France were my pre-tournament favourites and after a dogged defensive display in Cardiff on Friday night they are still on course for their first Grand Slam title since 2010.
The French have been in fine form during this year’s Championship but Friday night saw arguably their worst performance so far, notwithstanding the win. We have come to expect fluent passing and fancy offloads but the gallic flair of the first three rounds was nowhere to be seen. France made an uncharacteristically high number of handling errors – 15, and other than one well-worked try in thefirst ten minutes they failed to cross the whitewash. Relief would have been the overriding emotion following the final whistle on Friday night – although one man who certainly would have been happy with the performance is French Defence Coach Shaun Edwards. The Englishman has built his reputation on ruthless defence and after years spent marshalling Wales to multiple Grand Slams his influence on the French team was clear on Friday in a victory built on line-speed, tackling (France had a 94% tackle success rate) and turnovers.
Wales can be proud of their performance in defeat; they had most of the possession and territory. In the second half they were especially dominant and there was a feeling the pressure exerted on the French would pay dividends. They missed a couple of real chances which could have swung momentum and changed the outcome – Jonathan Davies will be kicking himself after dropping a pass which, if caught, would undoubtedly have led to a try. Time and time again France came up with important tackles and crucial turnovers, holding on for a well-earned win. No team wins a Grand Slam title playing all-out attacking rugby for five matches and if the French go on to win next week they will look back on Friday’s performance with a smile.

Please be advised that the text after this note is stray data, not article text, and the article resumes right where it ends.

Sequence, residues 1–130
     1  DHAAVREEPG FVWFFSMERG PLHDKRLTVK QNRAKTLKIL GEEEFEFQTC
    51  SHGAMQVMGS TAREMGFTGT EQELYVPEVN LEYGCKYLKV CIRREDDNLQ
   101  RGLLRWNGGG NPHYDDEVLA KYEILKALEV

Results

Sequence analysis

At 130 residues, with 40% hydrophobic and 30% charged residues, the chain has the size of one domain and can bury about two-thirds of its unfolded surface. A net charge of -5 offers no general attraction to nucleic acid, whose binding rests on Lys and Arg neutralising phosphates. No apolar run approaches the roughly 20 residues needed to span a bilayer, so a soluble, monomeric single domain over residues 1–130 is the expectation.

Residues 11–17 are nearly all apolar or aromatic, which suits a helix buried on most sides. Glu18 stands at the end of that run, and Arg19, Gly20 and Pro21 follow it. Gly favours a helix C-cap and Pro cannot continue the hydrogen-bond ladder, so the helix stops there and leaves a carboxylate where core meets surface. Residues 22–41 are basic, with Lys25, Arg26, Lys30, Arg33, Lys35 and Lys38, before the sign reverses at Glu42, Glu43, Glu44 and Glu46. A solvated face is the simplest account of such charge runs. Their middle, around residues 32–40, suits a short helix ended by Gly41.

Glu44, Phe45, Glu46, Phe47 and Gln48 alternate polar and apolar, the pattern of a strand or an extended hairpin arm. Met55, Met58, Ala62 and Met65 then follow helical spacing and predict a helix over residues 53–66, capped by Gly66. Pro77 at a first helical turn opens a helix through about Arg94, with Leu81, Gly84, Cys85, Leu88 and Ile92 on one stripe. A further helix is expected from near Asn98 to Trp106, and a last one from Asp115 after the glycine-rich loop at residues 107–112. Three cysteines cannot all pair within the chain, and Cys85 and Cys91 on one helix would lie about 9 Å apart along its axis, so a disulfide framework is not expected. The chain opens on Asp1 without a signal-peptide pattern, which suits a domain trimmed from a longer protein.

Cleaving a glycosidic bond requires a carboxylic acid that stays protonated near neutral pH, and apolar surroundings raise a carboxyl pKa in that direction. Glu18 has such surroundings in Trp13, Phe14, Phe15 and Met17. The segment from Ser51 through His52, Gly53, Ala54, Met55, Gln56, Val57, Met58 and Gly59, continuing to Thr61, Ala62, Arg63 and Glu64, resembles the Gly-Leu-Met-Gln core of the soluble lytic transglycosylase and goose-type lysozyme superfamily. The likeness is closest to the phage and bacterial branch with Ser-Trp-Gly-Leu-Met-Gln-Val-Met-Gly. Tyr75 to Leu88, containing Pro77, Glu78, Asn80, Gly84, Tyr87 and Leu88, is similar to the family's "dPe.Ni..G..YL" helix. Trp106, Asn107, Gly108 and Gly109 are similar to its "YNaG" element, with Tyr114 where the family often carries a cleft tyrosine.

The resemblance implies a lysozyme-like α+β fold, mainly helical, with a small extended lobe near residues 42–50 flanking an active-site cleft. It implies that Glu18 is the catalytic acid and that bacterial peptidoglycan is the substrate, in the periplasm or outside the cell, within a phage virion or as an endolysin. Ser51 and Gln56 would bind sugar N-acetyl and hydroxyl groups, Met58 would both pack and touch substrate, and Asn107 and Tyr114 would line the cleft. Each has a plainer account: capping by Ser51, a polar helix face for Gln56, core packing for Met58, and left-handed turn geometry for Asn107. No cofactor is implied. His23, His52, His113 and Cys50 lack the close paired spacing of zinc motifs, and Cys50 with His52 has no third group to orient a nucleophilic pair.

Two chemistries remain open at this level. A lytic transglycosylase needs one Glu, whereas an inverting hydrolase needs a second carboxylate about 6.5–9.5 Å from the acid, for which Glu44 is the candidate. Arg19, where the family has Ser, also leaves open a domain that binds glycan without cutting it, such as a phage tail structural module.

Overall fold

When England travel to Paris on Saturday they do so knowing the Six Nations title is now out of reach. Following the loss to Ireland at Twickenham, they now sit in third place on 10 points, with two wins and two losses. There is an asterisk next to the defeat last weekend; the performance England put in was valiant and impressive following the dismissal of Charlie Ewels for a poorly made tackle less than 90 seconds in. England coped well for about 70 minutes, the scrum was particularly impressive and they found themselves on the right side of the penalty count. At one point the scores were level at 15 apiece but it was the last ten minutes were fatigue started to show and Ireland scored two late tries to claim a bonus point and record win at Twickenham, with the match ending 15-32. Facing France at home will be the biggest challenge of the Championship for this England team but one they will be confident in tackling following the spirited performance last weekend.
Ireland have put themselves in a position to win the Championship, as well as the Triple Crown, but will be relying on victory against Scotland and England upsetting France. I have said previously that the Championship would come down to France and Ireland and this Saturday will be an interesting finale to an enthralling Six Nations. My money is still on the French but an English victory is not out of the question. Irish fans will find themselves in a unique position – watching an England match and supporting the men in white. I can’t wait to see what Super Saturday brings.